Lexus touts the new ES to be quieter and more cavernous. Rear legroom is LS-like. “Couple distance” for the front and directly rear occupants is a class- leading 1022mm – great if your driving spouse has bad breath and the air-con is not at full blast. 

On the move, the luxurious cabin is noticeably more refined through the extensive use of even more soundproofing materials. The stiffer body also contributes to the improvement. 

To me, the biggest difference between the old and new models is the steering feedback – it is night and day. 

In the earlier ES, the steering is woolly and uncommunicative, but in the 2019 model, it’s razor-sharp, thanks to a new electric power-steering system mounted directly on the steering rack instead of the steering column. The off shoot is greater steering adjustability, with 30mm of additional tilt and 40mm longer telescopic range

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Razor-sharp steering feedback targets the sporty towkay as the “ES-cellent” onboard equipment takes great care of him. 

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It was a delight to steer the new ES on the twisty back roads of suburban Nashville. 

I was in complete control as I flicked the steering wheel left and right, with no second- guessing whether I was in my lane on the tight and narrow roads. The Bridgestone Turanza T005A tyres, though being comfort-oriented, did not squeal like country pigs as I drove the ES like a sport sedan.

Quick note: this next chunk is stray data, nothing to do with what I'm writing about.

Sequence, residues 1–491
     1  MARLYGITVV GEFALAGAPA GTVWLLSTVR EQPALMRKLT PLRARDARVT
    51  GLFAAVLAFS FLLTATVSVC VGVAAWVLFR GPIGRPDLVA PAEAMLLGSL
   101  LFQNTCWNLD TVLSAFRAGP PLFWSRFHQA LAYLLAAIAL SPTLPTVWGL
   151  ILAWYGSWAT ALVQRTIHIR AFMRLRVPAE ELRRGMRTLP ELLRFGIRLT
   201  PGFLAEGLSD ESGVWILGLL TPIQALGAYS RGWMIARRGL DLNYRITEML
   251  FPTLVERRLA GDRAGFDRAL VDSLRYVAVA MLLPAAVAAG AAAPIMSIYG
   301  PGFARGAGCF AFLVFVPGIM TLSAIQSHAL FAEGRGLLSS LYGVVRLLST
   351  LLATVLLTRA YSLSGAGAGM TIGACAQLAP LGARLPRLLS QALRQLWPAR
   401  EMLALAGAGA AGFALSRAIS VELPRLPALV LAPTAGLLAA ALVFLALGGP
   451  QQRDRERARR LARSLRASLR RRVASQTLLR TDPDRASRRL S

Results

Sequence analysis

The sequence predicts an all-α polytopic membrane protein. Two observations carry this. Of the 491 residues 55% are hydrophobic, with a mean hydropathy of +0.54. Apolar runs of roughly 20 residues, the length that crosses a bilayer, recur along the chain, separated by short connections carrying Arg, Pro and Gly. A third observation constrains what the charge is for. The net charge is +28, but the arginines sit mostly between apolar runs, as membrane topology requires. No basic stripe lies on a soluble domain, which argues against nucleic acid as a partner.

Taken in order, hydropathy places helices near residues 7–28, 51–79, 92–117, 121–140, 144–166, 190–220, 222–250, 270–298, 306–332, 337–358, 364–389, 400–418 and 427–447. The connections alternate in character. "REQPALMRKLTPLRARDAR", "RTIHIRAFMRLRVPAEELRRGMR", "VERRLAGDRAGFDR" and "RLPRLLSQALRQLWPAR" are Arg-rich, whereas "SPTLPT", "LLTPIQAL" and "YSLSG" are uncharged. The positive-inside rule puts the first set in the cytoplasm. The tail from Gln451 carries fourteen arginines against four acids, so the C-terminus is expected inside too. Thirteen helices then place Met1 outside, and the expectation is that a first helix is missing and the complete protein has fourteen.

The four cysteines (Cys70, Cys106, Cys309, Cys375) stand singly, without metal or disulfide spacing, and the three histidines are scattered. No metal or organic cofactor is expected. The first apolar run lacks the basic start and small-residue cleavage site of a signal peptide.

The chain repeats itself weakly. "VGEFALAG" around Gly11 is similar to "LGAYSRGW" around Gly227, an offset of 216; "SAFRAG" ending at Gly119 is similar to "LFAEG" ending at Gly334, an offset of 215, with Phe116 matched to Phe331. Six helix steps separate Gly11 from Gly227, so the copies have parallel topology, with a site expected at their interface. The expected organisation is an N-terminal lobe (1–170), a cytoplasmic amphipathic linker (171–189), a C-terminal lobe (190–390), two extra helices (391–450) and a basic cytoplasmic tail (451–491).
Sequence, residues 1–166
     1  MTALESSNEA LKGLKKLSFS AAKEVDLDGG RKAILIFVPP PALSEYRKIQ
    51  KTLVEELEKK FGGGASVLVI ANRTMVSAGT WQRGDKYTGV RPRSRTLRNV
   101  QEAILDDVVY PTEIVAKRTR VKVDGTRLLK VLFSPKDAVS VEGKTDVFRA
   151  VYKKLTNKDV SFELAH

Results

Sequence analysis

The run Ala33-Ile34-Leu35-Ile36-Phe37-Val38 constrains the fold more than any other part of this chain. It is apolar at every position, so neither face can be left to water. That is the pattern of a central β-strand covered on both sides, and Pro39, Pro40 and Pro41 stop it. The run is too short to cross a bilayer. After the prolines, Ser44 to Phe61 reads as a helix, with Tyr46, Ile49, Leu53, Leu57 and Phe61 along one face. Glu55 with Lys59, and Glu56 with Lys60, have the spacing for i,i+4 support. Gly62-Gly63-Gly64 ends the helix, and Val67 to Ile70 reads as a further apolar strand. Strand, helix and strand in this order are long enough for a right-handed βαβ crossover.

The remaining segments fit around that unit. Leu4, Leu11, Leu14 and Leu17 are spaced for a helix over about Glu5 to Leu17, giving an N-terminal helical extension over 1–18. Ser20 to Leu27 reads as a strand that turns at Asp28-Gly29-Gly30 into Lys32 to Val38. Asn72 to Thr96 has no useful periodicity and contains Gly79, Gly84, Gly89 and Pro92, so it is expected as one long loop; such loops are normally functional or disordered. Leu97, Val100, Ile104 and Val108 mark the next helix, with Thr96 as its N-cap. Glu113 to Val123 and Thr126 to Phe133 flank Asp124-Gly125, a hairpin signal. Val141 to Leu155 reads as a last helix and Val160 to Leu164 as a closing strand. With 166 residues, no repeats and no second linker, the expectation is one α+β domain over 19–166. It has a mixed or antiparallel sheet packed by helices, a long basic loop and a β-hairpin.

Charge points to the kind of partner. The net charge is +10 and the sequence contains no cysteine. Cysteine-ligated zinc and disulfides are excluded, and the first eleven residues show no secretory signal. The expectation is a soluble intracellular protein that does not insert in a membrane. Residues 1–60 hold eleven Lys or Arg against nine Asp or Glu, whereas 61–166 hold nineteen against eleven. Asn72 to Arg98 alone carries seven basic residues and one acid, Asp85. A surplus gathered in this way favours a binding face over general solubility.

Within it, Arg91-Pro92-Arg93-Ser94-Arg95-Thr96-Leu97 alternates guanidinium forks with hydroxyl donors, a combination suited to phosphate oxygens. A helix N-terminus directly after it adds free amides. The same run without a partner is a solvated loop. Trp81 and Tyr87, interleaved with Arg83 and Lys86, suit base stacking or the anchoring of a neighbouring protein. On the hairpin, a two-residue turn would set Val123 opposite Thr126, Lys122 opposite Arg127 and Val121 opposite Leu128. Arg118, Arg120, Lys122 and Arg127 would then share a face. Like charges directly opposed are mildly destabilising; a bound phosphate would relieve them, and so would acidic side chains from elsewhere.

The Lexus’ ride was composed, with little body roll, and it felt lithe and sporty. 

Yes, the new ES now handles like how I drove it – a sport sedan, whilst still gliding over small road bumps and crevices like how a Lexus should. 

Singapore will receive the ES250 and the petrol-electric hybrid ES300h. 

The non-hybrid model has a new 2487cc 4-cylinder engine – the same capacity as the replaced motor, but with a longer stroke and narrower bore to enhance fuel efficiency. 

Compared to the preceding engine, the new 4-pot motor delivers 26 horsepower more, or 207hp, and an extra 12Nm of torque, or 247Nm. 

The front wheels are driven via a new 8-speed Direct Shift automatic transmission, which has two more gear ratios than the last autobox. It also runs between 250rpm and 300rpm lower at 100km/h than the old 6-speeder. 

The acceleration felt tardy though, as reflected by the 0-100km/h figure of 9.1 seconds, which is the same as the previous ES250 despite the improved power and torque. 

The culprit anchoring down the new car is its kerb weight of between 1600kg and 1660kg, compared with the old car’s 1585kg to 1615kg. I suspect the main guilty party is the additional sound insulation.

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Alas, Lexus missed an opportunity to turbocharge the new engine for more power and torque to complement the sharp handling. It could have been a giant-killer against the competition.